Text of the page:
And Gen X's (me) politics are liberty, pragmatic survival, individualism (honor), and distrust of values and institutions. I am libertarian anarchist. So trying to convince me that the entitled state should enforce values, is like me telling you that we should privatize the government.

Fascinating.

It explains why we are going to disagree about any political/social topics, such as Hackers, Transparency, media's role in society, etc..

===========
Some useful tables (although I think this deviates in some cases from the generational theory in the prior comment):

http://www.financialsense.com/contributors/james-quinn/2011/11/03/bad-moon-rising

The Boomers (elders) and Heros (youth) are archtypes and will be at odds. Boomers will judge them to have threatened values (remember the Heros are protected), yet ironically the above link claims the Boomers did more drugs, volunteered less, have lower college education, and higher teen pregnancy than the Heros do.


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Globalization is the devaluation of passive capital in response to technological shift

Post  Shelby on Thu Nov 08, 2012 5:35 am

MAGNUM OPUS: Globalization is the devaluation of passive capital in response to technological shift

The following is probably the apex of my magnum opus polymath-like contribution to the field of economics. So I better get back to
programming now.

http://www.mpettis.com/2012/06/11/what-is-globalization/#comment-18964

Shelby wrote:
Globalization is the devaluation of passive capital in response to technological shift.

Professor, your thesis is almost correct, but as far I can see, you may have missed a very important cause and effect relationship.

I have got it all figured it out now.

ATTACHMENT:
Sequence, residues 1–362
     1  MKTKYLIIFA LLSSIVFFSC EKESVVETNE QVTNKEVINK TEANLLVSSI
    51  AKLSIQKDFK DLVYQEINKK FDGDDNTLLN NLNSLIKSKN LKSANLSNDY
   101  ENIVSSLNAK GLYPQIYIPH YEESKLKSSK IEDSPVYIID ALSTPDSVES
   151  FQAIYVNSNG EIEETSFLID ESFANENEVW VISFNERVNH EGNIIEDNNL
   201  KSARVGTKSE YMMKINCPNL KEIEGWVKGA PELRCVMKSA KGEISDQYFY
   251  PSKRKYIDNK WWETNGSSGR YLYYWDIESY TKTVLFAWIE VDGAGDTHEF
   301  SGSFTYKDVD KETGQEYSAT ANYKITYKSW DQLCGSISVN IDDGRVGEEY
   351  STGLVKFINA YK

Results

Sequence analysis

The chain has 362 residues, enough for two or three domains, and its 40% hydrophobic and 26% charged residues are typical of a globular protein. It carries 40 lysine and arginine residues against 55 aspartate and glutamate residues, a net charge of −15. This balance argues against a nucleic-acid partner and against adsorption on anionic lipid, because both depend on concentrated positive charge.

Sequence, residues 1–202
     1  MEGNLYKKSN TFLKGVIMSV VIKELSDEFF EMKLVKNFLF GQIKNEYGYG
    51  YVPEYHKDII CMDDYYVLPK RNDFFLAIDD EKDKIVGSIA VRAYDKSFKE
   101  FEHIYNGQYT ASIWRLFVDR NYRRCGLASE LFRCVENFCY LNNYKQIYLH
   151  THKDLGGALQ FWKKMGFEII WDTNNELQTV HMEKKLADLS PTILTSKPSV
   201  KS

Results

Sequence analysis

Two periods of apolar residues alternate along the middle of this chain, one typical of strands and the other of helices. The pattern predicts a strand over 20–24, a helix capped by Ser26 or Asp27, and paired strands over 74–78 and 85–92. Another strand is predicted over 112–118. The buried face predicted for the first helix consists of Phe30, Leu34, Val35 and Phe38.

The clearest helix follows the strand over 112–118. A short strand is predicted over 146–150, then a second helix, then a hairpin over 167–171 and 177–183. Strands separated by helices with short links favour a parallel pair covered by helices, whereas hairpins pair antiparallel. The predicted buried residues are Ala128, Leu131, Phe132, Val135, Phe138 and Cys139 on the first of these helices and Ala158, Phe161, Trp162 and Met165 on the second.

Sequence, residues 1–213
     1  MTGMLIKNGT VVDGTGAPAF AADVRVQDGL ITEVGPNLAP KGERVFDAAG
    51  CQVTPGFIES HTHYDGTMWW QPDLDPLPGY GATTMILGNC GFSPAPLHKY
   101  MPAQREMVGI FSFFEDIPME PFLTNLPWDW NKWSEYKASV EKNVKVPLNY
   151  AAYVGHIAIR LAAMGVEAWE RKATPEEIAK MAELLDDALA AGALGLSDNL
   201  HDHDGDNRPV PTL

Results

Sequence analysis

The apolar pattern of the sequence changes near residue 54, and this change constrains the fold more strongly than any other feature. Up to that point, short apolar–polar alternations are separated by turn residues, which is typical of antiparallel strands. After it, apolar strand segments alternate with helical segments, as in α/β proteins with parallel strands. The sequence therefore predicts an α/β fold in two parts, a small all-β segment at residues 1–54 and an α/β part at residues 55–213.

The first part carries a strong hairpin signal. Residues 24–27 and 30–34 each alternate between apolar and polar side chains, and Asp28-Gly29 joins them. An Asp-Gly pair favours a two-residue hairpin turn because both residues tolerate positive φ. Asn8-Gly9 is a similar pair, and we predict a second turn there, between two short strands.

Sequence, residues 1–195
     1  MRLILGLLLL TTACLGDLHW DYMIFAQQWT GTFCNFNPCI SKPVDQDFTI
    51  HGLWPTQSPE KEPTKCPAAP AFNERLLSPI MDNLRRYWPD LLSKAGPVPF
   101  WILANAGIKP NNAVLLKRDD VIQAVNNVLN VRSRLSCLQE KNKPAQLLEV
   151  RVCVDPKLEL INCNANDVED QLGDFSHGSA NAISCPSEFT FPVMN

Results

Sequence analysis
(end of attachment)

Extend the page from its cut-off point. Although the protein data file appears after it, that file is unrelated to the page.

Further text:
globalization process is driven primarily by monetary expansion and the consequent increase in risk appetite

Agreed.

every period of globalization coincided with a stage of the industrial revolution in which accompanying the expansion in international trade and capital flows is a major technological boom, driven also by monetary expansion<

midst of a technological boom that seemed to be changing the globe beyond recognition, and certainly beyond the ability of his elders to understand. As part of that boom, capital flowed into remote corners of the earth, dragging isolated societies into modernity. Progress seemed unstoppable

But in spite of the enthusiasm for science that accompanied each wave of globalization, as a historical rule it was primarily commerce and finance that drove globalization, not science or technology, and certainly not politics or culture. It is no accident that each of the major periods of technological progress coincided with an era of financial market expansion and vast growth in international commerce. Specifically, a sudden expansion of financial liquidity in the world’s leading banking centers — whether an increase in British gold reserves in the 1820s or the massive transformation in the 1980s of illiquid mortgage loans into very liquid mortgage securities, or some other structural change in the financial markets — has been the catalyst behind every period of globalization